Come November, we cast our votes. But if we cast our confidence into our candidates, woe be unto us.

Unbelief is not just the absence of faith as if it leaves a vacuum. It’s the substantive presence of spiritual infidelity. It’s not just an omission. It’s a form of rebellion. What we are doing with our candidates is idolatrous. In theological terms, adulterous. When this inch of history is recorded in the annals of heaven, it will not be the scandals of our candidates that slacked the jaws of angels. It will be the unbelief of the church.

Remember what I accomplished in antiquity! Truly I am God. I have no peer; I am God, and there is none like me. Isaiah 46:9

 We are meant to look back to what God has done in the past so our faith is set aflame for what He can do in our future. The gospel didn’t come to us in seats of government. It came to us in a stable reeking to high heaven with cow manure. God didn’t plant the Savior of the world in the womb of a governor’s wife. He planted the Christ in the womb of a peasant-girl in the middle of nowhere. The same one who’d get to bear the reputation that she’d done something naughty and gotten herself pregnant.

Jesus never once sat on a throne here. The closest He got was the back of a donkey. God did not blaze a trail with the gospel galloping on a horse through the halls of government. He did it through cheap sandals flapping on the grass. Through the mouths of ordinary, law-abiding citizens who had the guts to defy the order to keep their mouths shut.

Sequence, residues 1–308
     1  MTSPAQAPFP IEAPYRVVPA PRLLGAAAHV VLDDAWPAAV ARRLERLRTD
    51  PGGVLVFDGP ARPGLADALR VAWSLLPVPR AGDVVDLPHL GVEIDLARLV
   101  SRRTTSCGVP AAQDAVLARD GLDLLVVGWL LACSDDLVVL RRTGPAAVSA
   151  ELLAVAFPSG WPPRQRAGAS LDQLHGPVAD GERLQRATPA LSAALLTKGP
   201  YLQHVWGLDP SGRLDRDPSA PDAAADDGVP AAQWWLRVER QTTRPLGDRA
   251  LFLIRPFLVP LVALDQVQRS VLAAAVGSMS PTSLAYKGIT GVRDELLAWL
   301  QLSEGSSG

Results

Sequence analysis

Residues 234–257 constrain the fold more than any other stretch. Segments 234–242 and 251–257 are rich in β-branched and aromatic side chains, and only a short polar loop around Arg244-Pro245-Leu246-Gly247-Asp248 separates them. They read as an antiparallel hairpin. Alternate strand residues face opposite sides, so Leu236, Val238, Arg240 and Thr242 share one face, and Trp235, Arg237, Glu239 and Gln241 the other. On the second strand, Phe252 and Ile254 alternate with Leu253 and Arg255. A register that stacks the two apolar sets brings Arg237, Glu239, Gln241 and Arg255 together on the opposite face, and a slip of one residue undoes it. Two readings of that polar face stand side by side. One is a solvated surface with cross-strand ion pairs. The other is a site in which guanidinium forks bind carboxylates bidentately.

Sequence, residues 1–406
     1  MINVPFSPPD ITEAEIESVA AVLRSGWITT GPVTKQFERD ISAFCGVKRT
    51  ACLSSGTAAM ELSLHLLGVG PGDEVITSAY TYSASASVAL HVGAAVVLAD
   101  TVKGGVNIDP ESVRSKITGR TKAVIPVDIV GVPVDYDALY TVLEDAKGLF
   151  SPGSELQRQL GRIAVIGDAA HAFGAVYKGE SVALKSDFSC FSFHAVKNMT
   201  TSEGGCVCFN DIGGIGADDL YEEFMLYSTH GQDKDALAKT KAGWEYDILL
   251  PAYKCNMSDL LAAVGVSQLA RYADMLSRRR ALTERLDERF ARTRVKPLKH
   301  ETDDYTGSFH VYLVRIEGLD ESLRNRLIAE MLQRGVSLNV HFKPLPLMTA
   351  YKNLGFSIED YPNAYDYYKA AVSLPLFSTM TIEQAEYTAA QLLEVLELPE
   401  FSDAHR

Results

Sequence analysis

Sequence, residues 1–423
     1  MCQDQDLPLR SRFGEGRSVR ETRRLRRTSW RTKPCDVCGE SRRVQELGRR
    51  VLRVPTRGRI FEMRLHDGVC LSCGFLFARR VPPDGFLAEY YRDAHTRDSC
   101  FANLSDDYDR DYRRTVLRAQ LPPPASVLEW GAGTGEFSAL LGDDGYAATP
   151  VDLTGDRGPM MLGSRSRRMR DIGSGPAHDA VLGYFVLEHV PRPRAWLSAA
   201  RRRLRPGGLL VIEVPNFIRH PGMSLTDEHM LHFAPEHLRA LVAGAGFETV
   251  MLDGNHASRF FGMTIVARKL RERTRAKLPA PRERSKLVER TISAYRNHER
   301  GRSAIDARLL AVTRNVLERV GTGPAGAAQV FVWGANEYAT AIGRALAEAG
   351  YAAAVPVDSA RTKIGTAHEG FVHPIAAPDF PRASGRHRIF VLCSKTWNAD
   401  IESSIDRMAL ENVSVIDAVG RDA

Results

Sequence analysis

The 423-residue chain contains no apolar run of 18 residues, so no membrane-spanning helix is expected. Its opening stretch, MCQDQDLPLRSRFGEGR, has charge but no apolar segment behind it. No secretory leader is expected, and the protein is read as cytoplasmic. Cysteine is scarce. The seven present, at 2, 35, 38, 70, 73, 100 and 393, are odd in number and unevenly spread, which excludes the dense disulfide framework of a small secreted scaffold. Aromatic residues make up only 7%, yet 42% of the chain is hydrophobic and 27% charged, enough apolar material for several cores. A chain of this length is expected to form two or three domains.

So they called them and charged them not to speak or teach at all in the name of Jesus.  But Peter and John answered them, “Whether it is right in the sight of God to listen to you rather than to God, you must judge, for we cannot but speak of what we have seen and heard.” (Acts 4:18-20)

“and the government shall be upon his shoulder.” Isaiah 9:6

 It is the world’s way to associate power with people at the top but the power of the gospel is at the bottom. In God’s hierarchy, the way up is down. Divine power comes from on high, not up high. The kings and queens of Planet Earth still have to bow low for power from the loft.

We’re terror-stricken like our entire future is dependent upon what happens on November 8th. What happens that day is momentous. The ramifications are profound. We cast our votes prayerfully. Carefully. We plead for wisdom. But the church of Jesus Christ doesn’t rise or fall on the fleshy back an election.

 We have our God. He has His people. And we are not a few. We don’t even have to fully agree with one another to be a colossal force for the gospel. All we have to do is agree with God that nothing is too difficult for Him and that no amount of mortal elbow grease can back His throne into a corner. He cannot be overruled. And it is He alone – I cannot say this loudly enough – it is He alone who truly loves the world. To think we care more than He does is remarkable hubris.